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Is my rear tire flat?
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Looks like I should get my ride in early tommorow.

"SEATTLE -- A dangerous winter storm is heading toward Western Washington this weekend, bringing the potential for widespread heavy snows, damaging winds, and a significant number of power outages to a region still recovering from two winter storms earlier in the week.
Hurricane-force winds are possible for communities that nestle up against the Cascades in the eastern foothills of Snohomish, King and Pierce Counties, while farther west, several inches of snow are possible in the greater Seattle-Tacoma-Everett Metro area, and over toward the Olympic Mountains, they could be measuring new snowfall in feet.

The situation could be particularly dire along the far north coast, where you will get a combination of heavy snow and very strong winds. A rare BLIZZARD WARNING is in effect there.

Quick Overview

The foothills could see east winds of 50-70 mph, gusting to 70-90 mph Saturday morning through Sunday. A HIGH WIND WARNING is in effect here. Widespread and potentially prolonged power outages are a concern in this region, combined with below-freezing temperatures and dangerous wind chills.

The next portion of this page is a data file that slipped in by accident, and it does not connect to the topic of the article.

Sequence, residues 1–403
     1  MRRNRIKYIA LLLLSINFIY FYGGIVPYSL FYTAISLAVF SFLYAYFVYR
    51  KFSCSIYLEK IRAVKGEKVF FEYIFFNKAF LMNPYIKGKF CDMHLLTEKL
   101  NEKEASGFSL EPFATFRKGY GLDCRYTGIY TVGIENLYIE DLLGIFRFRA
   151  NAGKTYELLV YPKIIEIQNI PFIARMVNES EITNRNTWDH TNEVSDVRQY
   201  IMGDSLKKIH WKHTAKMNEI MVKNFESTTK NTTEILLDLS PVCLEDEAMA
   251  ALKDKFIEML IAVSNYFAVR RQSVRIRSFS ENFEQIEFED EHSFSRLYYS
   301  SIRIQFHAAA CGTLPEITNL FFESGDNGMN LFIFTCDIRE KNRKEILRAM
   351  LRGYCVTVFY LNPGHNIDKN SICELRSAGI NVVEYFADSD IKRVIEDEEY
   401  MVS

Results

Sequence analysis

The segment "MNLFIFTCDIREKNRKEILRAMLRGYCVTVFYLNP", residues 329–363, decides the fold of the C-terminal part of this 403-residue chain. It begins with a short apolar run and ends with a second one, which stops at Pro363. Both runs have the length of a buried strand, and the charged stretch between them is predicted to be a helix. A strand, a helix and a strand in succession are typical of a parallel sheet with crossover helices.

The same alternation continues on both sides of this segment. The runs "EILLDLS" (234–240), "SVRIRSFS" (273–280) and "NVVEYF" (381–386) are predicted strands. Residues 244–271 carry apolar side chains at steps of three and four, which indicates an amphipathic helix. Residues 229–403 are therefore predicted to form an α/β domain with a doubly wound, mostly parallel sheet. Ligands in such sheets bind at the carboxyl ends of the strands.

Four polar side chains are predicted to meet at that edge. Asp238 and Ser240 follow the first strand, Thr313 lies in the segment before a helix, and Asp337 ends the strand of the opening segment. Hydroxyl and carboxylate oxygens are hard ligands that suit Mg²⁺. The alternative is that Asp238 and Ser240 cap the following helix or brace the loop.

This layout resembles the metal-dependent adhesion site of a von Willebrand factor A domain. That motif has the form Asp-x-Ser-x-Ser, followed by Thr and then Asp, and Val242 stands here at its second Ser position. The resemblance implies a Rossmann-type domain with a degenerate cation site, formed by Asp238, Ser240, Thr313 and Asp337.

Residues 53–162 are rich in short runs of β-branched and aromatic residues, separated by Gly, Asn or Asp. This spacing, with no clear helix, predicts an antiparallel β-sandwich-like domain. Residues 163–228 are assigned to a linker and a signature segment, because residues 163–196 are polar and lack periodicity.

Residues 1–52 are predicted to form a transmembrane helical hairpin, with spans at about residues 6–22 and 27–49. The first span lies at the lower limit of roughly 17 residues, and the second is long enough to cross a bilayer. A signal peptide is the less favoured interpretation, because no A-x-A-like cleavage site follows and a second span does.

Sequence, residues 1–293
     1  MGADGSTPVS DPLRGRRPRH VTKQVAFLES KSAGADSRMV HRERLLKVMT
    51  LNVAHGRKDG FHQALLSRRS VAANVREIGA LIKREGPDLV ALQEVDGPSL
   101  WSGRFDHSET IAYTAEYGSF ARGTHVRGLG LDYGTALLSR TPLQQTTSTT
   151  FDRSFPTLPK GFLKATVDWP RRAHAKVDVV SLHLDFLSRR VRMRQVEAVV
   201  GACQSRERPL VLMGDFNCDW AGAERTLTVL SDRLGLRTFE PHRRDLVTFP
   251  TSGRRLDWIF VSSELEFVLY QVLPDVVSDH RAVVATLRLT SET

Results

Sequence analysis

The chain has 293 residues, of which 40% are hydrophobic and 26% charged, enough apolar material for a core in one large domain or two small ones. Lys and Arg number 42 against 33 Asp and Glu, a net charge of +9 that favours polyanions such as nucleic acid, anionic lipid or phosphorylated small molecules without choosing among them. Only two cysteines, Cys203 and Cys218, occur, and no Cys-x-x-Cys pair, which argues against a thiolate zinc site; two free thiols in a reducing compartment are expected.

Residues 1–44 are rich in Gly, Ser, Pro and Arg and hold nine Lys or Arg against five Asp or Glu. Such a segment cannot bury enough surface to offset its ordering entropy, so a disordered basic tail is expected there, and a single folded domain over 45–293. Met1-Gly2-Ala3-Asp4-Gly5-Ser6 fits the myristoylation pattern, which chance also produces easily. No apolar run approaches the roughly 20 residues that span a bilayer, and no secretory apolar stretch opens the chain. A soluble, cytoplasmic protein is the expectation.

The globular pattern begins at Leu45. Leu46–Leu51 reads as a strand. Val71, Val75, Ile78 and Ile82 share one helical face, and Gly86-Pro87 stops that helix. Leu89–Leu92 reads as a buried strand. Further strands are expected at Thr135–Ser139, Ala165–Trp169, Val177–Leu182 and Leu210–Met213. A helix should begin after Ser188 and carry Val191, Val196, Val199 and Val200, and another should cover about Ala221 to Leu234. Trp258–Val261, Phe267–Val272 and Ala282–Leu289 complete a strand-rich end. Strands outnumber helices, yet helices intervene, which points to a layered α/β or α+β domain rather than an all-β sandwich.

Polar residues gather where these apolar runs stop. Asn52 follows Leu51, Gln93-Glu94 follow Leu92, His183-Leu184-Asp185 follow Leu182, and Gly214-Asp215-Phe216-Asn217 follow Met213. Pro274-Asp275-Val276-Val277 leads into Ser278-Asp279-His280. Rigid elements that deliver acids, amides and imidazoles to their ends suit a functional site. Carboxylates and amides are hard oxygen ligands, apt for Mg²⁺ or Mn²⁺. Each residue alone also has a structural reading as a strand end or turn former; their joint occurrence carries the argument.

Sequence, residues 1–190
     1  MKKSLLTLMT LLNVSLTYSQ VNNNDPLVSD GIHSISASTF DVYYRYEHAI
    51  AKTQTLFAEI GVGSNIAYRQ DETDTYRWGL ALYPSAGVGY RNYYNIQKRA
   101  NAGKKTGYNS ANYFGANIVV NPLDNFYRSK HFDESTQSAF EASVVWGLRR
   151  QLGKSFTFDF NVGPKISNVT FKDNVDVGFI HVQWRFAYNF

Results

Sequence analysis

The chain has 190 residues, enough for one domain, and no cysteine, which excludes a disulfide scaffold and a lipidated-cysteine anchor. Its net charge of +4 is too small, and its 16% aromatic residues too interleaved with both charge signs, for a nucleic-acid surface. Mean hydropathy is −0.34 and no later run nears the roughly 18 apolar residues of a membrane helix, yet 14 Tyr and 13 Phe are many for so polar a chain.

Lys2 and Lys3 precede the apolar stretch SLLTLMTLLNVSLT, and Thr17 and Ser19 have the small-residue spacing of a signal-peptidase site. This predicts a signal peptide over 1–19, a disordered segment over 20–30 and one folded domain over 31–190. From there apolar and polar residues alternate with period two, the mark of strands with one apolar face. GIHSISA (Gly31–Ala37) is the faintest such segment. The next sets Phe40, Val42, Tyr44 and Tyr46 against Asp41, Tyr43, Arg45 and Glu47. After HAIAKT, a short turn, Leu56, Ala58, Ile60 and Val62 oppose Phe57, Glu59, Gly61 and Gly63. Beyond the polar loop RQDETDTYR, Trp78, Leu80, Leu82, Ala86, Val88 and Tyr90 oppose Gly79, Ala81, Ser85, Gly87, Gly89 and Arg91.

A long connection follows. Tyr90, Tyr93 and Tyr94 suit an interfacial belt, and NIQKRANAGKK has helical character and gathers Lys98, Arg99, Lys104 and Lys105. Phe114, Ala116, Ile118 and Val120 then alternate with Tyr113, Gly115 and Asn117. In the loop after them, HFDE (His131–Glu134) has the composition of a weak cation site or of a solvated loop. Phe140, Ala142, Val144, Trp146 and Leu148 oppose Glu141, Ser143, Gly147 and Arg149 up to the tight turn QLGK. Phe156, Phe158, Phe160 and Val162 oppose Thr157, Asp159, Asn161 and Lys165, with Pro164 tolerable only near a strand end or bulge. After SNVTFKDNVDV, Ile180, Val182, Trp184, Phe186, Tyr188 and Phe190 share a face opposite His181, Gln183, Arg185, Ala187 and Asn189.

The Seattle-Tacoma-Bellevue Metro area could see 3-8" of snow Saturday evening into Sunday. Gusty winds in the eastern parts of this region could get to 50-60 mph.
The Hood Canal area could see 8-24" of snow
Southwest Interior might get 6-12" of snow as well as a coating of ice from freezing rain
Everett north to border could get about 4-6", but has higher uncertainty
Some areas, especially south, could also get freezing rain and icing problems
Blizzard warnings are in effect for the far north coast and Cascades where heavy snow will combine with strong winds for whiteout conditions.
Blizzard warnings in effect for all Cascade passes -- could see 1-2 feet of snow combined with 75 mph wind gusts and wind chills ranging from 0 to -25.
Storm calms down Sunday evening
What's Happening?

Unlike the past few storms that have come from the chilly north, this storm is coming in from the west, and it looks pretty wet -- and much warmer than we've seen lately. So we have a much greater moisture source.

In the meantime, we'll not only have some arctic air here in Western Washington, but even more in Eastern Washington, where temperatures have been in the single digits and teens for several days. That air is very dense, and thus has higher pressure. "

dang! This should be interesting.:eekster:

Pic, from after Sundays storm. We usually get mild snow storms every few years or so here in Seattle.

See Ya!

Dennis
 

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